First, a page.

1. The effects of repeated transfusions of blood on the blood-destroying and blood-forming apparatus of normal and splenectomized dogs and rabbits have been described. An anemia which developed despite continued blood transfusions in two dogs splenectomized during plethora has also been studied.
2. The decrease or absence of reticulocytes from the blood stream during plethora and their increase during "plethoric anemia" are evidently due to depression and activation of bone marrow activity. The response of the bone marrow is not immediate upon the onset of anemia, but is delayed for several days.
3. The blood volume studies have served to emphasize the constancy of plasma volume under extreme experimental conditions, and the adaptability of the circulatory system to large increases in total blood volume.
4. Blood destruction and elimination, as measured by urobilin excretion, are greatly increased during the stage of plethora, but still more so during "plethoric anemia."
5. Despite intravenous introductions of large quantities of nitrogen in the form of whole blood, the total nitrogen, urea, and ammonia in the urine and feces are not raised appreciably for some time after the onset of plethora. The normal organism is apparently able to store large quantities of blood or its decomposition products. Upon the onset of a "plethoric anemia," there is an increase in urinary total nitrogen and urea excretion, which was lowered during the course of the anemia. Albuminuria is also found at this time. Other nitrogenous constituents and phosphates show no striking changes.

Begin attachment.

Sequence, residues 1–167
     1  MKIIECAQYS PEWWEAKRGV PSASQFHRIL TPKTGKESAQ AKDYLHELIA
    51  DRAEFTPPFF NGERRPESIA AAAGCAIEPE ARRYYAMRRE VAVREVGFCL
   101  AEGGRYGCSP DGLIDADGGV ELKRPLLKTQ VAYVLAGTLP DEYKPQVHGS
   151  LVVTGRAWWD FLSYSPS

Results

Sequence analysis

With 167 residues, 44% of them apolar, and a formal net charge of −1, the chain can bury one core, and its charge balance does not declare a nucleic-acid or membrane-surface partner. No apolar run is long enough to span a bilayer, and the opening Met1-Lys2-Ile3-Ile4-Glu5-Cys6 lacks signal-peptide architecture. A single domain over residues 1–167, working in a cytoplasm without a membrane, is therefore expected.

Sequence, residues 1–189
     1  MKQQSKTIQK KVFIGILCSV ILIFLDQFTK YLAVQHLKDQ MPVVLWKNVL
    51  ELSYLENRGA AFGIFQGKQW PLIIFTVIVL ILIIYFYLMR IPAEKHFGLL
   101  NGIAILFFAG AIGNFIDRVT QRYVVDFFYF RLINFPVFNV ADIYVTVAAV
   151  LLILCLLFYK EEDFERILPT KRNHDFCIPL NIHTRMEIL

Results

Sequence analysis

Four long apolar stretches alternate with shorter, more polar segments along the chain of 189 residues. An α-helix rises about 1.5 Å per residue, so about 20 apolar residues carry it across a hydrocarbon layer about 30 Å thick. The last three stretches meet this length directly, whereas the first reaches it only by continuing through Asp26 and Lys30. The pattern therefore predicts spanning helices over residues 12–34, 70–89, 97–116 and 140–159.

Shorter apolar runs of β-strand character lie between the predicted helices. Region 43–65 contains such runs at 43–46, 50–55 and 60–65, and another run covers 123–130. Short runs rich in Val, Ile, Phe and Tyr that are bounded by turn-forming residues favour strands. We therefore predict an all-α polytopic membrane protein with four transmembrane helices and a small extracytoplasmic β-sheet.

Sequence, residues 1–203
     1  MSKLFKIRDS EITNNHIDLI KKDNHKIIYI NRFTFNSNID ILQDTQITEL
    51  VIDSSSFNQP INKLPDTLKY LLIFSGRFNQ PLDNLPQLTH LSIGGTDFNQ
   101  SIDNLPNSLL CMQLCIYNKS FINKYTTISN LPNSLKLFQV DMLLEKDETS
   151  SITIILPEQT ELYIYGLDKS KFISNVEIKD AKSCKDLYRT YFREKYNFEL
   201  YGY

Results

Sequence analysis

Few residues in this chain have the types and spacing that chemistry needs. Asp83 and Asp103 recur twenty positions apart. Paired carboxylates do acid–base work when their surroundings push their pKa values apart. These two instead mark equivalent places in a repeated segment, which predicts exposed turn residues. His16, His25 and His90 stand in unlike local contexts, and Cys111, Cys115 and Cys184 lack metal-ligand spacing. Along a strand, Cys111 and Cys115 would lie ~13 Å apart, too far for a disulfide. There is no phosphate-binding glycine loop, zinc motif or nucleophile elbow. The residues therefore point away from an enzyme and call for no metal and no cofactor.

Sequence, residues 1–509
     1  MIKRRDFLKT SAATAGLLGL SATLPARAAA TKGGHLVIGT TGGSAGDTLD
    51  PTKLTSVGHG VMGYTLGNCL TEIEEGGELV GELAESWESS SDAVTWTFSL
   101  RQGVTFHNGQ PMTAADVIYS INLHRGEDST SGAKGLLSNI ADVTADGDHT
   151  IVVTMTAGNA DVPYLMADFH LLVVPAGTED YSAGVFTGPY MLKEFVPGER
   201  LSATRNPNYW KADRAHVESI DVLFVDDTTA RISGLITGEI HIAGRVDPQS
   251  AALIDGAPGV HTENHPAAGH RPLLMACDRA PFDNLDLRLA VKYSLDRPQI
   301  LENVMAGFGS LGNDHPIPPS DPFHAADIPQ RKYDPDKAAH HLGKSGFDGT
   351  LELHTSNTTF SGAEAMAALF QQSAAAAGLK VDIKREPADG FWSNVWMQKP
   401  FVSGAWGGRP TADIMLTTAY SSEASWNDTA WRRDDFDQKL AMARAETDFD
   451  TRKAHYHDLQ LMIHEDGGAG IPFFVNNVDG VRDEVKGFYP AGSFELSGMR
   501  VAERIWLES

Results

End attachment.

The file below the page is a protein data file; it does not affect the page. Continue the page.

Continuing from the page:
6. Blood pigment, chiefly in the form of hemosiderin, is deposited in enormous quantities in the spleen, liver, lymph nodes, and bone marrow. It occurs chiefly in phagocytes, though in late stages large extracellular masses are found. Increased pigment deposition can still be found several months after transfusions have been stopped.
7. Phagocytes containing erythrocytes are found rarely, if at all, and only in the acute cases, but their occurrence may be greatly masked by the coexistent congestion.
8. In splenectomized dogs the tendency to "plethoric anemia" is much more apparent, although a direct connection between the two events is not established. In rabbits, whose spleens constitute only 0.05 per cent of body weight, "plethoric anemia" is more easily produced.
9. In splenectomized animals pigment-bearing phagocytes are especially prominent in the liver, although lymph nodes and bone marrow apparently share in the extra work caused by the absence of the spleen. Lymph nodes with some of the characteristics of hemolymph nodes were found in various localities in all animals that had been made plethoric.
10. In rabbits blood pigment is deposited in the hemopoietic organs in large amounts, but under the conditions of our experiments, the picture and the experiment have been constantly complicated by early fatal intravascular agglutination and thrombosis. In the rabbit, as in human hemochromatosis, the pigment is found in two forms: hemosiderin granules, and smaller, dark spicules that do not react to the usual iron stains (probably hernofuscin). The latter pigment is also found seeded through the cells of the liver parenchyma.